always be my father but never once my dad. Last and ever after that, here

where War had torn us sore and mauled our bruises black, I heard

the chant of thousands calling to the stars and back: for all the years


and eras came that postboy down the path. He always was, perhaps,

and is; and leapt until we lost him to the dying mouth of mist.

The Body Broken

Mass and Sunday mourning pass the chancel black

and chalice-back of I, spire-spined and last to part

my plumping bud to take the nocturne wine. Mine


the softly hills, mine the spill and steeple-swing

of fruiting breasts and bells, yes. We break the bread

and bless. Lady in the lancet holds the apple mocking red.


Dappled chant and dark, ahead the blood-bright night

and first-light glass of gasping Eve, winter’s heave

hangs always here with heads that bow before the vow


to never grieve the leaving eyes of youth. Truth

is lost and winterworn. Borne away on snarling winds,

the greening drop of spring falls from my hair. The cleric’s


cloak is a darkly thing. My deeper, deeper throat

receives the gloaming sermon there, heir of the berry

dreamt to bursting in his hand. Damn the vestal


up-and-swung of lust that Woman loved, budblood

and the Garden singing skin and pink bouquets, but

turn the tongue beyond the Book and in the darkest


places hold the harvest fruit and look above and long

to lasting-touch the apple that is loathed so much.

Such is Sunday mass and curse of we, the curled


Madonnas kneeling with a screaming in our skirts.

The weakly bread we break and nurse. And vow and

kneel and slaughter one more godless book of verse.

Kitchen, Sinister

Ten springs gone in my morning of life, I wore light

in the summer of my voice, in the candles once made

of my eyes. That night dusk swung out and away into noise

wild and white above town, and down in my childhood


garden lost the pond breathed out light grey and soft.

I remember not. But black clot and burnt in my throat

when she coughed up hot liver that night in the gloam,

the globes of her eyes gone bloodfull and long


did the birds scream murder outside. I cried. My

winter-ghost mother gone grey in her day, a tragedy

staring and wearing that cracked pale-fade skin in an old

kitchen light. When food was thin she served me lies. No,


the stars did not giggle the puddles that night

when my dark-fire youth wheeled a wind round the house,

her once-fluted mouth nursing liquor and meth. Her deathlight

was dark as a gobbet of gas, a heart in a jar on a chimney last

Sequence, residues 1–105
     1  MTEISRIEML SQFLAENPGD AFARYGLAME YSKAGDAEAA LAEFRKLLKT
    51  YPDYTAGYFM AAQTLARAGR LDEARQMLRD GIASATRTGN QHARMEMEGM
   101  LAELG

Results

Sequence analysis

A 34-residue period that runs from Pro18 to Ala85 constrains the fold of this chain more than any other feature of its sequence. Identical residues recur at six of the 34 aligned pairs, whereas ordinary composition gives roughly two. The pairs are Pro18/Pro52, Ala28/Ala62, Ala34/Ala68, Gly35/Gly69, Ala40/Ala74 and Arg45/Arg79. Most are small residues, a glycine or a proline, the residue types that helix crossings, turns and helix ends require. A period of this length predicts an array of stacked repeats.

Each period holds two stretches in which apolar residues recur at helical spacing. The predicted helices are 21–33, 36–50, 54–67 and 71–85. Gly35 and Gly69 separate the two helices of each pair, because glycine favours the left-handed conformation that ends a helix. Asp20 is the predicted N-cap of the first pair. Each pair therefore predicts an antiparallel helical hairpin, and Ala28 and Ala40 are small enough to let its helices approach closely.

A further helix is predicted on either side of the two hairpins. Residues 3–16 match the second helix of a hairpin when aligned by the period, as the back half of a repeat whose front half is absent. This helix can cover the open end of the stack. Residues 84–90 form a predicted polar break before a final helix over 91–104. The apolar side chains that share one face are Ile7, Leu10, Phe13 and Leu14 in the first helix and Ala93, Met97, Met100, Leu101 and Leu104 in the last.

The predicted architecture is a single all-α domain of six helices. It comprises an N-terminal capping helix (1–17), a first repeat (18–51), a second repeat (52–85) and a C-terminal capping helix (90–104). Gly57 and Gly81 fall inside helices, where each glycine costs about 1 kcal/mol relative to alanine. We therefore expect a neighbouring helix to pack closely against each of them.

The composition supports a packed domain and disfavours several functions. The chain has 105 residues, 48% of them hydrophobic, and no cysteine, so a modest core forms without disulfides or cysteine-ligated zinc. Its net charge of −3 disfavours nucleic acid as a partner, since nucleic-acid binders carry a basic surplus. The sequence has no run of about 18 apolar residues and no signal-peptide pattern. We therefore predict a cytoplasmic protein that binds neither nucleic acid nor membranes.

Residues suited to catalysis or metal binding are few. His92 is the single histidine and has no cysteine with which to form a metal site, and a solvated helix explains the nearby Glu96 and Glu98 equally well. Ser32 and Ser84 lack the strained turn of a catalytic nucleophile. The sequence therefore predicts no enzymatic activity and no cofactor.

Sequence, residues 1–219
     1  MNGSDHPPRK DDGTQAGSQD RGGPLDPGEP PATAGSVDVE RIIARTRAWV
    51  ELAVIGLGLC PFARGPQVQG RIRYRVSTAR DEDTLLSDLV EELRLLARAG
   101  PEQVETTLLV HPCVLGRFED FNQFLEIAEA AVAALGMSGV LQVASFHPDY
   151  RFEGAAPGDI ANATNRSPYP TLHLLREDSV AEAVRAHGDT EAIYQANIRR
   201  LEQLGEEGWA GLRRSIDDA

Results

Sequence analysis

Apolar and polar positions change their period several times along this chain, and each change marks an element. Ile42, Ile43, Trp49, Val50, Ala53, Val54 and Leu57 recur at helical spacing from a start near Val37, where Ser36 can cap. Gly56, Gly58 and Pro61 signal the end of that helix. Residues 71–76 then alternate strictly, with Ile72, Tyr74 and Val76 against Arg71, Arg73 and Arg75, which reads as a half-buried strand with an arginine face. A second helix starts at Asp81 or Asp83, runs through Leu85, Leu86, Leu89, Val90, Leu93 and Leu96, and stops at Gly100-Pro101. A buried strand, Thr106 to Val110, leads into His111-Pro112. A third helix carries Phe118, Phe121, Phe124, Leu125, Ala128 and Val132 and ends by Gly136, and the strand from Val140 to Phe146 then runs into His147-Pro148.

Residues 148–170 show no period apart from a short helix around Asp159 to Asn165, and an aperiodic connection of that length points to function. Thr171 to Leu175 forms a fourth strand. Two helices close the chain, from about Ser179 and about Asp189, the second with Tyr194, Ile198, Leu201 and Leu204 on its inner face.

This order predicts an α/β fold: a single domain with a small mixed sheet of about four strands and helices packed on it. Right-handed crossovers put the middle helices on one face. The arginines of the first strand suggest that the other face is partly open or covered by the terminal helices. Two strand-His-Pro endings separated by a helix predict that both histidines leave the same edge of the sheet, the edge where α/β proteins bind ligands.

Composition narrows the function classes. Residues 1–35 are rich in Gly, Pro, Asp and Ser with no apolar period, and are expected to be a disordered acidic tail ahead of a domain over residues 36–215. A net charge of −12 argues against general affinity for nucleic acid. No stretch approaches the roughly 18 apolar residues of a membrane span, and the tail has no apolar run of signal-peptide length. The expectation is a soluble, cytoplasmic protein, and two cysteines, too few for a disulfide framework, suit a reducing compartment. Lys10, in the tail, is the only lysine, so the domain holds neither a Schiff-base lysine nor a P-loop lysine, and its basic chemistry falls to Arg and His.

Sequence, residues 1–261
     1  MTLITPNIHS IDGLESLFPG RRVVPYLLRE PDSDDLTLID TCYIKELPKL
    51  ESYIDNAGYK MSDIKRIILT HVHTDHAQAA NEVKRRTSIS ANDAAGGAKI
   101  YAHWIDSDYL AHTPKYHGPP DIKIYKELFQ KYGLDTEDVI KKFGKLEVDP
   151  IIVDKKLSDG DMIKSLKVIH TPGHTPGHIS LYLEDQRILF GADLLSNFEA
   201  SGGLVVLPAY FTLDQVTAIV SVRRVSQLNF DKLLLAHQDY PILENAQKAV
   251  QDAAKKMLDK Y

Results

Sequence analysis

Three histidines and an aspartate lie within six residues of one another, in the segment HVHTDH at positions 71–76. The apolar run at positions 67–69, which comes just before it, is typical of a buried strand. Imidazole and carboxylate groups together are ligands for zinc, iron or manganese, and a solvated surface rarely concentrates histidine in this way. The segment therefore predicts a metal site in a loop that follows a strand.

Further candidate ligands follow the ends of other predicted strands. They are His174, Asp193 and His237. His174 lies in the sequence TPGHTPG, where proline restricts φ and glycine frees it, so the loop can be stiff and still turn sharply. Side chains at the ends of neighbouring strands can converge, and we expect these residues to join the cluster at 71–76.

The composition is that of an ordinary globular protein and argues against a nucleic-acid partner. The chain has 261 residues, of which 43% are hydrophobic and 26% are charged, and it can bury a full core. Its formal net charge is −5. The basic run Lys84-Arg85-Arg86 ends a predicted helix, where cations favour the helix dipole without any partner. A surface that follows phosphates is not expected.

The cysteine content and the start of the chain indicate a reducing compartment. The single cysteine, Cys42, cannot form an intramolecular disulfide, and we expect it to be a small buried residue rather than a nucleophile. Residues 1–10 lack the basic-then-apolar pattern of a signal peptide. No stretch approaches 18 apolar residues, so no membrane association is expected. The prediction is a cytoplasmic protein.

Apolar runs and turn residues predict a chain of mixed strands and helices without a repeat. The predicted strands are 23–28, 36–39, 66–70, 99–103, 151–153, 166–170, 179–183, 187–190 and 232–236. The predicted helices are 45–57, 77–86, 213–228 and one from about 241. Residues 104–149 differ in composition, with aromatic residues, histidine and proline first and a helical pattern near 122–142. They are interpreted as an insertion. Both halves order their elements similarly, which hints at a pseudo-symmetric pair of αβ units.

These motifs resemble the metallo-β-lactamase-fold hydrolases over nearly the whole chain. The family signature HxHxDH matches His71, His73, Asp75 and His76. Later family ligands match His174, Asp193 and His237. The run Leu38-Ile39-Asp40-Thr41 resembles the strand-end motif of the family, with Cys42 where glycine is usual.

lit back when I was a lamb. After that? I took a bath. Black

was the path at infant’s end, a lack-lanterned track derailing

and cracked was the girlhood glow of my light. O mother

of mine, the window-steam bled itself pretty that night.



Under the trees, I sit in the asylum garden.

I swing the bottle to my lips and swig.


Laura Potts is twenty-three years old and lives in West Yorkshire, England. Twice-recipient of the Foyle Young Poets Award, her work has been published by Aesthetica, The Moth and The Poetry Business. Having worked at The Dylan Thomas Birthplace in Swansea, Laura was nominated for The Pushcart Prize and became one of the BBC’s New Voices last year. Her first BBC radio drama aired at Christmas. She received a commendation from The Poetry Society in 2018 and a nomination for The Forward Prize in 2019. Find her here!

  • Featured image, by Amar Saeed.

Lisa Stice — 2 Poems


The School Project Asks, ‘What Makes You a Star?’


To prove she is a good artist,

my daughter draws a spaceship

and her dog. This is Seamus

about to board, she explains.


I tell her about the stray Laika,

how she was one of the first

astronauts, but don’t mention

Laika was never meant to return.


To prove she is a good artist,

my daughter draws a spaceship

with her dog inside. This is Seamus

looking out at the stars, she explains.



We are sharper than we once

were, and sharper is akin to

safer, smoother, steadier, keener.


Now, our grip is instinct, our

hands shaped long before

we clasp and begin the cutting.


Come, let us glide some more

across the whetting stone, wipe

ourselves clean for work ahead.


Lisa Stice is a poet/mother/military spouse. She is the author of two full-length collections, Permanent Change of Station (Middle West Press, 2018) and Uniform (Aldrich Press, 2016), and a chapbook, Desert (Prolific Press). While it is difficult to say where home is, she currently lives in North Carolina with her husband, daughter and dog. Visit her here! and at Facebook / Twitter.

  • Featured image, by Amar Saeed.

Sarah Bigham — Where the #&@* is Bigham?


Where the #&@* is Bigham?

            While I am not what anyone who has ever seen me attempt to fish or camp would call an “outdoorswoman,” I adore gardening. Every year I can feel myself becoming more stressed after the first frost that ends my gardening season, and I wait anxiously for the crocus bulbs to pop up each spring when I can again return to my planting patches. Each spring, my wife and I spend hours purchasing vegetable seedlings, flowers for my growing collection of window boxes and ceramic planters, and at least six varieties of basil. We each take a break from our professorial duties and grading to spend some time reveling in the yard when the ground has finally thawed.